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High School Reform Proposed to Legislators
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Parents, teachers, school officials and students gathered in Hartford Wednesday to talk about education issues with state lawmakers.

Each year, the Connecticut Association of Boards of Education holds a “Day on the Hill”, this year’s special focus was high school reform.   State education officials have proposed adding additional mandated credits to graduate high school. Students would also be required to pass new end-of-course exams.  CABE president Cal Heminway says local school boards have two major concerns:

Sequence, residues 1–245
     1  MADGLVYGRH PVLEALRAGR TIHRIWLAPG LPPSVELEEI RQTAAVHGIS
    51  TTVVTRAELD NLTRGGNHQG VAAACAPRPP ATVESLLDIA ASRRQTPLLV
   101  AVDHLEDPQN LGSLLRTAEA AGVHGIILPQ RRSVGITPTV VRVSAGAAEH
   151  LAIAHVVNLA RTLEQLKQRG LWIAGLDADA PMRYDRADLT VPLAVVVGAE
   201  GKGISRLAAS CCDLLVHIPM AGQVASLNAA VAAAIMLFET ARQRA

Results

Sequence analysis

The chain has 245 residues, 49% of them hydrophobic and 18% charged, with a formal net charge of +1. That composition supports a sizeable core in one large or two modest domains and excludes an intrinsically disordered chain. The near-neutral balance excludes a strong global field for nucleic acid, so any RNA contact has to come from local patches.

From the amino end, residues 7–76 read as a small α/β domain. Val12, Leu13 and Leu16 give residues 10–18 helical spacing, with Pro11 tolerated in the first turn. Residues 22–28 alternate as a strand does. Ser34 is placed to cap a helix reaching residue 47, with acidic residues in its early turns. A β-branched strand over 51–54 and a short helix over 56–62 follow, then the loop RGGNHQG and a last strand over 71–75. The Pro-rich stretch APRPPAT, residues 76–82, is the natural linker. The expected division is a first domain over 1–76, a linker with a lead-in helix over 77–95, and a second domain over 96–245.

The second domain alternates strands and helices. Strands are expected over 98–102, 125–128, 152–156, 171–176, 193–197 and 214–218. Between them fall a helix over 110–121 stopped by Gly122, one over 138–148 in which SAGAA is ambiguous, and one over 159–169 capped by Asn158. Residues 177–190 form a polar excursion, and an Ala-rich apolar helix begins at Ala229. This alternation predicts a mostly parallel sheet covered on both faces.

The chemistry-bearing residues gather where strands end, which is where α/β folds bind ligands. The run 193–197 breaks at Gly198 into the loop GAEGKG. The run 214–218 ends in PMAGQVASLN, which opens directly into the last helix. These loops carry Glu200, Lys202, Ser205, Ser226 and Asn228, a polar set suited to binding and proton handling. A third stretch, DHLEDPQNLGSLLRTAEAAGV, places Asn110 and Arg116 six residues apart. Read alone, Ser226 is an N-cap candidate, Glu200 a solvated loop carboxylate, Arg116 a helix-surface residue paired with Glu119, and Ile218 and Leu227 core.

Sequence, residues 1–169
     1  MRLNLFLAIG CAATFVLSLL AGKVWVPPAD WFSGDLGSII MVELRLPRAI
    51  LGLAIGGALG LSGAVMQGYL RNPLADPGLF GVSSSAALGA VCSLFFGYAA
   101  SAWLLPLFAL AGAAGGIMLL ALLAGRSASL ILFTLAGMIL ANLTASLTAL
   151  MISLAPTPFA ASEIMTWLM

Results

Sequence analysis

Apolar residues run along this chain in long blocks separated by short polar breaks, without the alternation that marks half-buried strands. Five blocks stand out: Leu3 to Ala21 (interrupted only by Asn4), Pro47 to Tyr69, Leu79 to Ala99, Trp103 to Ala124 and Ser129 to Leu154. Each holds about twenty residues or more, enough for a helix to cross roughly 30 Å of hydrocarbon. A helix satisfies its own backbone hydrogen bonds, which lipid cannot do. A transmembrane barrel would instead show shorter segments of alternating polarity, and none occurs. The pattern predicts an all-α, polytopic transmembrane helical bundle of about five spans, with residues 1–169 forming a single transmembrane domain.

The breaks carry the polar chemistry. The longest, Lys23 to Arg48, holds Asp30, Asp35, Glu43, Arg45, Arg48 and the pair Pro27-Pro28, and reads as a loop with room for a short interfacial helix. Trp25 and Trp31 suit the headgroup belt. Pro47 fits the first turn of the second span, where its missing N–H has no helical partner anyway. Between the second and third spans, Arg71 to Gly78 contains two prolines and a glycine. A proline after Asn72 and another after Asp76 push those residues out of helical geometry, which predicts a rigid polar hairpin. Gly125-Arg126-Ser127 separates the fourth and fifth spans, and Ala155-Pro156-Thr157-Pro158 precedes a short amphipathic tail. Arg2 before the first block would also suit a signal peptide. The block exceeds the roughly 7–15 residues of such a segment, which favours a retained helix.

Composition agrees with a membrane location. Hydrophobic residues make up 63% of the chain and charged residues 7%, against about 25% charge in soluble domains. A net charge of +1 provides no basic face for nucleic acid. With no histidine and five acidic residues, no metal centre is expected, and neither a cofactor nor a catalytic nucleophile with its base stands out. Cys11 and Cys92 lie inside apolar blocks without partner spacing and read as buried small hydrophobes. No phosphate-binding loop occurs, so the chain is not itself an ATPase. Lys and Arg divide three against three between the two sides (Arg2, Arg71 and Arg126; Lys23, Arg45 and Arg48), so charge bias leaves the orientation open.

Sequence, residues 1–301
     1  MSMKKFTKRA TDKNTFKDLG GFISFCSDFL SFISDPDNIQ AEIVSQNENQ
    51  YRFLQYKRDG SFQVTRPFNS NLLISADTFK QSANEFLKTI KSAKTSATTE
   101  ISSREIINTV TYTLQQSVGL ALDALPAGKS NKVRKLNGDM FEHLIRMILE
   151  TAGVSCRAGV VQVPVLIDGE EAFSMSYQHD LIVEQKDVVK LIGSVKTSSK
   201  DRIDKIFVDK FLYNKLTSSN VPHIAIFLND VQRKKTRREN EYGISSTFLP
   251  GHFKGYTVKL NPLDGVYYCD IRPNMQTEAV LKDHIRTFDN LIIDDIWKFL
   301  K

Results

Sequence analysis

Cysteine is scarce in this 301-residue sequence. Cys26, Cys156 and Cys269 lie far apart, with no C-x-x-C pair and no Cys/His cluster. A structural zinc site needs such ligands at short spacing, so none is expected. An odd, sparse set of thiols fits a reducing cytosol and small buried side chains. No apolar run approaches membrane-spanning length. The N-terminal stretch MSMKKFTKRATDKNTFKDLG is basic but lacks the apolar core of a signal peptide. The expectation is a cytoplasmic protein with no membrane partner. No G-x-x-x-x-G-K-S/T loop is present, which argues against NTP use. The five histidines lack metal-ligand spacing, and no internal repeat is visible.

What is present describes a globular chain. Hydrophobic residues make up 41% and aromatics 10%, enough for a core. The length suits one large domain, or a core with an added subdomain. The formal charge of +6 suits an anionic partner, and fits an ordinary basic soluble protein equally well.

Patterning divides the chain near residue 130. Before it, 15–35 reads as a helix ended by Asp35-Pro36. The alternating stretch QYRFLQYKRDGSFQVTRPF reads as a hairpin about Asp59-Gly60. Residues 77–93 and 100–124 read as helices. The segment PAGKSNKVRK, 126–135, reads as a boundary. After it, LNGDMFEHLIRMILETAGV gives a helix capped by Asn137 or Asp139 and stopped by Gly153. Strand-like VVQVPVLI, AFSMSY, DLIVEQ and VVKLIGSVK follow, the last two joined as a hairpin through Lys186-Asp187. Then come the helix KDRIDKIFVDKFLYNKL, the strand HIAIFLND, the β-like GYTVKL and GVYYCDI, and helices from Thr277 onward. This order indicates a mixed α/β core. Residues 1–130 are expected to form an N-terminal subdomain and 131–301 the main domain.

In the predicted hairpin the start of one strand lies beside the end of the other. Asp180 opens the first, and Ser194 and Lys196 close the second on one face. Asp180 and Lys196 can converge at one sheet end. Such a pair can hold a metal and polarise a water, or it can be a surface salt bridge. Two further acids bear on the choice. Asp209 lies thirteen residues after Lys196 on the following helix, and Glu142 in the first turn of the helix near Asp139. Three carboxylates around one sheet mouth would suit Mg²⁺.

"One, to fulfill these requirements, students entering high school would have to be prepared to meet the rigor of the specific requirements. The other is that these tend to force students to take courses that they may not want to take."

For example fine arts courses, which Heminway says are not required under the new proposals. 18-year old Trevor Rzucidlo is a senior at Killingly High School.   

"I really feel that the students should be able, for the most part to have a greater say in the courses that they choose."

Other issues raised at the capital include in-school suspensions and school funding.  Although additional monies were made available to local communities by the legislature last year, school boards say much of that money, intended for education, is being used for tax relief.